Pre-Season Blues: Some Perspective

Whilst we’re all well aware that pre-season scorelines are amongst the least important of the season, that’s not to say that the downtime doesn’t bring with it it’s own concerns.

On Saturday, defeat at Hinckley United came on the back of a week filled with more discontent from the club’s supporters.

Days after they were forced into conceding defeat in their pursuit of Marlon Harewood, and barely 24 hours since the announcment that youth team coach Michael Johnson had left Meadow Lane, the limp performances of two more County XIs leaves more concern than you’d care to have at this time of year.

As with last week’s friendlies (read: training sessions), manager Martin Allan (dog Monty again making the trip) opted to play two different sides for each half – consisting once more of first teamers and trialists – dispensing of all but one from the youth squad. Scorer of last week’s winner at Hucknall Town Kyel Reid was a notable absence:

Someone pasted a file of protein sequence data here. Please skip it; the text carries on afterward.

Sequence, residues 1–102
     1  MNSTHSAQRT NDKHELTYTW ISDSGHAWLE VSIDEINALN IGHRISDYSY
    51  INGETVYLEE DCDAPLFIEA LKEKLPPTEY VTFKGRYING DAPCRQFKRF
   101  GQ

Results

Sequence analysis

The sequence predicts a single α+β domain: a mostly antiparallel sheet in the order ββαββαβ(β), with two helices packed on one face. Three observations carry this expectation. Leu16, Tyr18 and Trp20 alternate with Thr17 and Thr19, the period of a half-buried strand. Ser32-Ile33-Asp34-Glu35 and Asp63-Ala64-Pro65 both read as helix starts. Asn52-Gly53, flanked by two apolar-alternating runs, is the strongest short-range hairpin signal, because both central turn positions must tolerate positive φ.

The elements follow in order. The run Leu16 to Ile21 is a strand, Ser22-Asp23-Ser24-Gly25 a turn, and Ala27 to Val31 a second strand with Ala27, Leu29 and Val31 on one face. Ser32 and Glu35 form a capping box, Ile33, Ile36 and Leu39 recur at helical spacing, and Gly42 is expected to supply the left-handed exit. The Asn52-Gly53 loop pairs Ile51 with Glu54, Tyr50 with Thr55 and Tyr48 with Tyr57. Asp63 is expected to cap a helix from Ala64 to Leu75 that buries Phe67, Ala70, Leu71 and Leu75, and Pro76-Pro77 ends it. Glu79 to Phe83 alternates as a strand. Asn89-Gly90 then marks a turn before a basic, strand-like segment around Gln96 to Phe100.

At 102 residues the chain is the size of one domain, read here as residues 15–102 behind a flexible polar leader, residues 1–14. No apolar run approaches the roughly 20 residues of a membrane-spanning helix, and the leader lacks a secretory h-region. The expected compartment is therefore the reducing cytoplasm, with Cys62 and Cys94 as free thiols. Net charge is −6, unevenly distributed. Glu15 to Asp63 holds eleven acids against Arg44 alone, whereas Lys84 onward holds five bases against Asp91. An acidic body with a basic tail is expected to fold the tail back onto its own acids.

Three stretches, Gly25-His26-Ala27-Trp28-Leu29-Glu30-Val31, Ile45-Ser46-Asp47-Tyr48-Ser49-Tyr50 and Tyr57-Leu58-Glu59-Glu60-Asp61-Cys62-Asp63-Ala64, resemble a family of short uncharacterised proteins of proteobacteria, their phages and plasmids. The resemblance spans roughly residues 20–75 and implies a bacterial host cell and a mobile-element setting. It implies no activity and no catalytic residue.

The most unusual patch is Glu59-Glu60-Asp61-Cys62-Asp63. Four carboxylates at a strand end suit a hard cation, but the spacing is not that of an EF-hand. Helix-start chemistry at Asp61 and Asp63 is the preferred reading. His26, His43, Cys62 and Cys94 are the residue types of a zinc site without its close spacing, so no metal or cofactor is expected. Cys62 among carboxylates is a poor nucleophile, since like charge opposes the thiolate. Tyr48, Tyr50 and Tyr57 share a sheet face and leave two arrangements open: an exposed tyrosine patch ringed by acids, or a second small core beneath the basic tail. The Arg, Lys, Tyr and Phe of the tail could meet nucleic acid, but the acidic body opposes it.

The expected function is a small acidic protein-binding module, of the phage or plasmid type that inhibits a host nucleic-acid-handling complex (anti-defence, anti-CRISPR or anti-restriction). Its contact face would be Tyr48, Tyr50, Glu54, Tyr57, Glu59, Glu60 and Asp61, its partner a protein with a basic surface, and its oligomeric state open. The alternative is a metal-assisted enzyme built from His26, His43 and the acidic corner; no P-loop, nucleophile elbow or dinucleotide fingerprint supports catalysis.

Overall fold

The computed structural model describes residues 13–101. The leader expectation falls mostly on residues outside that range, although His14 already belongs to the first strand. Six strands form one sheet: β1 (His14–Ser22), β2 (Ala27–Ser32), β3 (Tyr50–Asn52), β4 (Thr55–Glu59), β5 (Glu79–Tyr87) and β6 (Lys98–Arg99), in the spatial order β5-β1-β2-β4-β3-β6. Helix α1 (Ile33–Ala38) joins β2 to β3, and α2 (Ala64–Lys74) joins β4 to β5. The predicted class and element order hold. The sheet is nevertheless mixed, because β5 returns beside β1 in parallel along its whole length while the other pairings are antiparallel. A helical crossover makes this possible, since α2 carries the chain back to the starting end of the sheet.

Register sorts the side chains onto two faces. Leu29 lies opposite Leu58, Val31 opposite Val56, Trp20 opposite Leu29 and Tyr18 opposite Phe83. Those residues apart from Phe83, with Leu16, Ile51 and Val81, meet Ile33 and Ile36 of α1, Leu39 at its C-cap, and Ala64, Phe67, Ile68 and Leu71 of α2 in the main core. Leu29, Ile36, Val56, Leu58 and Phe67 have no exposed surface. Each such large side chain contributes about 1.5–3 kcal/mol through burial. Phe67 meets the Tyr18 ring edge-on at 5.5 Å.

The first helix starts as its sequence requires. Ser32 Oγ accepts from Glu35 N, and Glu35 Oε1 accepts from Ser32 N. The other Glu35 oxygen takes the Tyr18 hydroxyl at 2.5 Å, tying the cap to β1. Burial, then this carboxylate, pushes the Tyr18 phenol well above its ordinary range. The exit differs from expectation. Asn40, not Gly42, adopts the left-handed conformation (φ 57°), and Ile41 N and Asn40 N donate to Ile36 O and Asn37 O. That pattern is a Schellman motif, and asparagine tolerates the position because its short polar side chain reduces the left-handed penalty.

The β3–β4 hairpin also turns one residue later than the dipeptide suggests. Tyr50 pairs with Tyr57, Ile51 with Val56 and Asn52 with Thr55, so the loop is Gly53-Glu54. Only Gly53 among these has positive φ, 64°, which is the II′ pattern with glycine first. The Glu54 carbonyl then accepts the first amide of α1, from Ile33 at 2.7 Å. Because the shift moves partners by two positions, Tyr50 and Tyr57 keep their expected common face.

FIRST TEAM Rob Burch, Haydn Hollis, Jude Stirling, Ricky Ravenhill, John Harley, Charlie Allen, Ismel Demontagnac, Ben Burgess, Stuart Nelson, Krystian Pearce, Liam Chilvers, Julian Kelly, Alan Sheehan, Hamza Bencherif, Alan Judge, John Spicer, Craig Westcarr, Jeff Hughes, Karl Hawley TRIALISTS Nialle Rodney, Andre Blackman YOUTH TEAM Radi Jahidi

The opening frames were superb from Notts. Judge picked up where he left off last week at Ilkeston – pinging more sensational cross-field balls into his team mates whilst Hawley was a one man showboat when we dropped deep into midfield.

From the backline, Pearce was as formiddable as you’d imagine from the outset, with Kelly often found higher up the right flank in acres of space.

When Jermaine Clark gave the home side the lead though on 15 minutes though, the afternoon took a darker turn – more so at 2-0 after 25 minutes.

With the deficit at one, Allen had retreated from his position atop of the main stand to take the giving of orders into his own hands – being a third wheel between coach John Schofield and his team was no longer appropriate.

Without warning, the visitors enterprise all but evaporated for the afternoon, being restricted largely to speculative drives from distance. The desire for a goal scorer only exacerbated with Allen’s audible cry for Judge to move to centre-forward.